Presentation on theme: "Muscles of Thigh Dr. Sama ul Haque. Objectives Know the type and formation of hip joint. Differentiate the stability and mobility between the hip joint."— Presentation transcript:
Objectives Know the type and formation of hip joint. Differentiate the stability and mobility between the hip joint and shoulder joint. Identify the muscles that act at the hip joint. Identify the muscles of the thigh in terms of their origin, insertion, nerve supply and actions. Explain the relationships of contents of the femoral triangle to each other & to the surrounding bone and soft tissue landmarks.
Hip Joint Lunate surface articulates with head of femur. Lateral View. Shoulder
Hip joint: articular capsule Anterior Posterior iliofemoral pubofemoral ischiofemoral Note: neck is bare here crest line Fibrous capsule: Pubofemoral (medial), resists over abduction Iliofemoral (anterior), resists hyperextension Ischiofemoral (posterior), resists hyperextension
Blood supply to femoral head: -Retinacular arteries (from medial and lateral circumflex femoral arteries, branches of profunda femoral artery). -Artery of ligament of head (acetabular branch of obturator artery) [deeper orbicular fibres of fibrous capsule] [Synovial membrane: reflects onto neck of femur] Retinacular Arteries artery of ligament of head Orbicular Fibres Hip joint: articular capsule
Thigh Three Compartments: Anterior, Medial and posterior Lateral thigh consists of thickened fascia of the lower extremity called the Fascia Latae or Iliotibial Tract that serves as an insertion of the Tensor Fascia Latae muscle.
Anterior compartment: knee extensors and some hip flexors; innervated by femoral nerve, blood supply by femoral artery and its branches. Medial Compartment: Hip adductors (some rotation and flexion); innervated by obturator nerve and its branch, blood supply by branches of deep femoral artery and obturator artery. Posterior compartment: Hip extensors and knee flexors; innervated by tibial or common peroneal nerves, blood supply by deep femoral artery. Thigh
Functional compartments of the thigh Hip Adduction Hip Flexion Knee-extension Hip Extension Knee-flexion
Chief flexor of HIP: Iliopsoas Psoas major iliacus Insertion – lesser trochanter Femoral nerve (L2-L4): - Main innervation of anterior thigh. Obturator nerve (L2-L4): - Main innervation of medial thigh. Hip Flexion
ANTERIOR THIGH. Flexors of hip / Extensors of knee. Sartorius Tensor fascia lata Pectinius Rectus femoris Vastus medialis Vastus intermedius Vastus lateralis Quadriceps femoris = rectus femoris + vasti -inserts into tibia via patella (patellar ligament) (tibial tuberosity) sartorius rectus femoris vastus lateralis vastus medialis pectinius vastus intermedius tensor fascia lata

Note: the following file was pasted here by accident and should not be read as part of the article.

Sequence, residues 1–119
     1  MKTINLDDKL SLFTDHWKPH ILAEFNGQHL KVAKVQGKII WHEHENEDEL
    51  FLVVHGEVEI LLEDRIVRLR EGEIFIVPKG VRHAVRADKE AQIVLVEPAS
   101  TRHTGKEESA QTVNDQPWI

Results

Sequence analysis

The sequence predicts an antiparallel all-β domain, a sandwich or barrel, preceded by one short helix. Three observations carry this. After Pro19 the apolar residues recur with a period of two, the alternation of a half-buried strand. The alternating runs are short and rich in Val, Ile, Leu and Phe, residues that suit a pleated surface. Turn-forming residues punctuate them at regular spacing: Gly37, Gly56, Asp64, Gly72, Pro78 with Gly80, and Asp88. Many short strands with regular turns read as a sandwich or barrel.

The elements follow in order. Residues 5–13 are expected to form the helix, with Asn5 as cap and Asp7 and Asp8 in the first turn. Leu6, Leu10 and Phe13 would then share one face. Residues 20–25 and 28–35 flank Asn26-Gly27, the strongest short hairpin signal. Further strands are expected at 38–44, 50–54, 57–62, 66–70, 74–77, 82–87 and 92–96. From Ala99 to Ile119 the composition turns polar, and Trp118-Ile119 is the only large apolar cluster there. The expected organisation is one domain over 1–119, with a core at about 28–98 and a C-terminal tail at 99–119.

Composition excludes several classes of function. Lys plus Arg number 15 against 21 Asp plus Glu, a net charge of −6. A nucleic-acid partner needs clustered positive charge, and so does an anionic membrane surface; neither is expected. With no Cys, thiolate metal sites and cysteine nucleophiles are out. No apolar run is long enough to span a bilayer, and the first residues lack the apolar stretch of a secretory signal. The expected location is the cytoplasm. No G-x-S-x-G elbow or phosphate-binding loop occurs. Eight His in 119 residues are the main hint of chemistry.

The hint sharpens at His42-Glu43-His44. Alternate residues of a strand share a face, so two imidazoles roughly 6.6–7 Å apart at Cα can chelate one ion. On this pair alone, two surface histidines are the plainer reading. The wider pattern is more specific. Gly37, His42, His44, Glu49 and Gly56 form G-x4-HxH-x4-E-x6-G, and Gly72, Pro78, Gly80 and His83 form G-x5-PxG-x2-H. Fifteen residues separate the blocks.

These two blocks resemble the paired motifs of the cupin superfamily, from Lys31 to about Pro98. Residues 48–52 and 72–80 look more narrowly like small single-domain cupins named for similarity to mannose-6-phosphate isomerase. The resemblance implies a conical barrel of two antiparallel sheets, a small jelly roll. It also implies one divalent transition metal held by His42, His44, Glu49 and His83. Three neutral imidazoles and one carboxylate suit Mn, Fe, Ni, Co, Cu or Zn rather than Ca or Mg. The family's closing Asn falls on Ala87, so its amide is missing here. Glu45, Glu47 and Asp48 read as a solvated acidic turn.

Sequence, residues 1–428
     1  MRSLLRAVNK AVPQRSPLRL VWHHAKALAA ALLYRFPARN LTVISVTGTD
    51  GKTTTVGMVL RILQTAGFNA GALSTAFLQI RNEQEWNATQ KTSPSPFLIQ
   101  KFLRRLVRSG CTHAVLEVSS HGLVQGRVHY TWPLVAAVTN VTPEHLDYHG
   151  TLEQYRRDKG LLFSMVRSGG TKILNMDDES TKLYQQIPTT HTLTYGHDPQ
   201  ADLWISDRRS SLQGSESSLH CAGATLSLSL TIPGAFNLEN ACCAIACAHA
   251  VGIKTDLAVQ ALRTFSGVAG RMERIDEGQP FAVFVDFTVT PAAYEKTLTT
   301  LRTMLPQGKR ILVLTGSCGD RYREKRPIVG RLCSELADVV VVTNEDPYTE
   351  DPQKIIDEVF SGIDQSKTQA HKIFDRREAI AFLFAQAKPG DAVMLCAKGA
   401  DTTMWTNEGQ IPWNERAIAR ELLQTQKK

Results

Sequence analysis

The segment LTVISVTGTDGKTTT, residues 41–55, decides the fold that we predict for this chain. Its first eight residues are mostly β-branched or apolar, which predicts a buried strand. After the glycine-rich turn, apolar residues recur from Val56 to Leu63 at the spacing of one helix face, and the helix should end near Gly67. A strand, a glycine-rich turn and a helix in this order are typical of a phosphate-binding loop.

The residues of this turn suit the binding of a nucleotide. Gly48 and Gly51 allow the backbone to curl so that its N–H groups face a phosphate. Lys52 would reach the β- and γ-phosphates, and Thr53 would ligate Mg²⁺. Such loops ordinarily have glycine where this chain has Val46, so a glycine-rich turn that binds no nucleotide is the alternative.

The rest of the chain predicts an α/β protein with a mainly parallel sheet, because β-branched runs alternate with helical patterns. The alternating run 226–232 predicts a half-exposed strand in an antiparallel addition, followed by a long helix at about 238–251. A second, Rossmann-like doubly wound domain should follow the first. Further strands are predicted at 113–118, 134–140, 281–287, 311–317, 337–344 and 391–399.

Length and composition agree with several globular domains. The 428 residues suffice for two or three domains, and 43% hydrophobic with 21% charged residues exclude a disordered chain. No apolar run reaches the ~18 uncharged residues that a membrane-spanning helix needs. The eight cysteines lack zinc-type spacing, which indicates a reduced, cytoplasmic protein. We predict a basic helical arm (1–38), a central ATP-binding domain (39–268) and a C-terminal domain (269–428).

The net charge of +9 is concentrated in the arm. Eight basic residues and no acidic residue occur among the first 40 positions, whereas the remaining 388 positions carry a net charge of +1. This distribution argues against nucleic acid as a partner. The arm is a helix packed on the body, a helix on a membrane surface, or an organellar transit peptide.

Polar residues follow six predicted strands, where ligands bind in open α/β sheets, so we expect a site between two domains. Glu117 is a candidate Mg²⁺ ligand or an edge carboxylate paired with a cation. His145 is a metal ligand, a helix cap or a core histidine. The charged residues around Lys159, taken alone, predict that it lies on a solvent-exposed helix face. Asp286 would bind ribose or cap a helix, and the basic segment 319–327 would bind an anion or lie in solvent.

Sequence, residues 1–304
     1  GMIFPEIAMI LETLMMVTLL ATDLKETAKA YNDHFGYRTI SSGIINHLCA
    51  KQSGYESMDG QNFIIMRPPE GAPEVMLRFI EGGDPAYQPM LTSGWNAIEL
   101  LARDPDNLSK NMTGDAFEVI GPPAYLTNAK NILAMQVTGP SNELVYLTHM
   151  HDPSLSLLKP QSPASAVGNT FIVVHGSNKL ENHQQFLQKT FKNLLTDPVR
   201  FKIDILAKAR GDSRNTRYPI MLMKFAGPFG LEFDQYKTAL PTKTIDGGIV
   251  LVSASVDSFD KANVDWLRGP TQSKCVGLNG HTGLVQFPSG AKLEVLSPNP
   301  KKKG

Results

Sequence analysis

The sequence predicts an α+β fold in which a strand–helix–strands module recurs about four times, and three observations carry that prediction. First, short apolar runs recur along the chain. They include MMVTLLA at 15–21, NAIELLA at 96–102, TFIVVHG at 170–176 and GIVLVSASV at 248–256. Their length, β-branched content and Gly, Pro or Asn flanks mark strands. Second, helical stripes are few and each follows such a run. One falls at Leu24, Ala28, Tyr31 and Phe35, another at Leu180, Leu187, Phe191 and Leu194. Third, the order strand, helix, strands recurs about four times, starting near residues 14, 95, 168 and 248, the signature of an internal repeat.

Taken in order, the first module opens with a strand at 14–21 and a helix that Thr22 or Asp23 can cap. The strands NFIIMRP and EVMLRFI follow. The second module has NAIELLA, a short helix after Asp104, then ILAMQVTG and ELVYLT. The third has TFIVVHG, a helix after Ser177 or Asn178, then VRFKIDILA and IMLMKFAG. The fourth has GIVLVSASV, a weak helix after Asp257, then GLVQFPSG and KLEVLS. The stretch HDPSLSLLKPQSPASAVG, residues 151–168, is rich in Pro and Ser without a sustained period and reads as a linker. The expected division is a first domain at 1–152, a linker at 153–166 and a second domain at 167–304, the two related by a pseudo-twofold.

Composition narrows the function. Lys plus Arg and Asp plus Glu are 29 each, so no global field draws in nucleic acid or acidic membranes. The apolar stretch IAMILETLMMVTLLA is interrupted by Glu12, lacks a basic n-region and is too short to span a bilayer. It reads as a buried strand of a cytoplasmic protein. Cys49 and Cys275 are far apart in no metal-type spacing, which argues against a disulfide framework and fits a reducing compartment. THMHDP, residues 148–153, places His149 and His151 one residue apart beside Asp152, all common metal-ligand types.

Gluteal region: -Gluteus maximus (most powerful extensor, also lateral rotator) Insertion: Gluteal tuberosity + Iliotibial tract (band) gluteus maximus iliotibial tract Tensor Fasciae Latae Gluteus maximus Gluteus Maximus and Tensor Fascia Lata insert into Iliotibial Tract - Iliotibial tract is a thickening of the deep fascia (fascia lata) that extends from the ilium to the tibia. - Tension from contraction of gluteus maximus and tensor fasciae latae stabilizes the lower limb as a weight-bearing column. FYI Hip extension
Posterior Compartment “Hamstrings” Common Origin Medial and Lateral Insertions
Posterior Compartment of thigh: Hamstring muscles. -Extend hip -Flex knee -Common origin at ischial tuborosity. -Innervated by sciatic nerve semimembranosus semitendinosus biceps femoris Posterior fibres of adductor magnus: Origin from ischial tuborosity, supplied by sciatic nerve, extend hip.
Hamstrings. Two insert on medial side: - semimembranosus - semitendinosus (Tibia) Two insert on lateral side: - biceps femoris (Fibula) Common origin of extensors
Medial Compartment Muscles Gracilis, Adductor Longus, Adductor Brevis, Adductor Magnus Common actions Pulled groin
Medial Compartment main function = adduction Obturator externus Adductor brevis Adductor longus Adductor magnus Gracilis Most innervated by: Obturator nerve (L2-L4) (lumbar plexus) Exception: -Hamstring component of adductor magnus (extensor) (tibial division of sciatic nerve) obturator nerve adductor longus adductor brevis Adductor magnus gracilis obturator externus Hip Adduction
Deep to gluteus maximus: -abductors: gluteus medius gluteus minimus (anterior fibres medially rotate) -lateral (external) rotators: piriformis obturator internus (associated gemelli) quadratus femoris [obturator externus is also a lateral rotator] inferior gamellus superior gamellus gluteus medius gluteus minimus piriformis obturator internus quadratus femoris gluteus maximus Lateral Rotation of the hip